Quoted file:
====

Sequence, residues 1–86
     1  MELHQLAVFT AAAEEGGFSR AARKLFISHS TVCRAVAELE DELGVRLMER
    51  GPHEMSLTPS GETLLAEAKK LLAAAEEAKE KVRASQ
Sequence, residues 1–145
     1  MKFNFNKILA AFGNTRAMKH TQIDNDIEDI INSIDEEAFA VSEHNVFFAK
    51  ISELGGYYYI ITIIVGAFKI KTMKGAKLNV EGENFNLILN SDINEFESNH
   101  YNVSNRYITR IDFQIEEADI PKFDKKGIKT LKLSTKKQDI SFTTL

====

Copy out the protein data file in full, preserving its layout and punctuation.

Sequence, residues 1–86
     1  MELHQLAVFT AAAEEGGFSR AARKLFISHS TVCRAVAELE DELGVRLMER
    51  GPHEMSLTPS GETLLAEAKK LLAAAEEAKE KVRASQ
Sequence, residues 1–145
     1  MKFNFNKILA AFGNTRAMKH TQIDNDIEDI INSIDEEAFA VSEHNVFFAK
    51  ISELGGYYYI ITIIVGAFKI KTMKGAKLNV EGENFNLILN SDINEFESNH
   101  YNVSNRYITR IDFQIEEADI PKFDKKGIKT LKLSTKKQDI SFTTL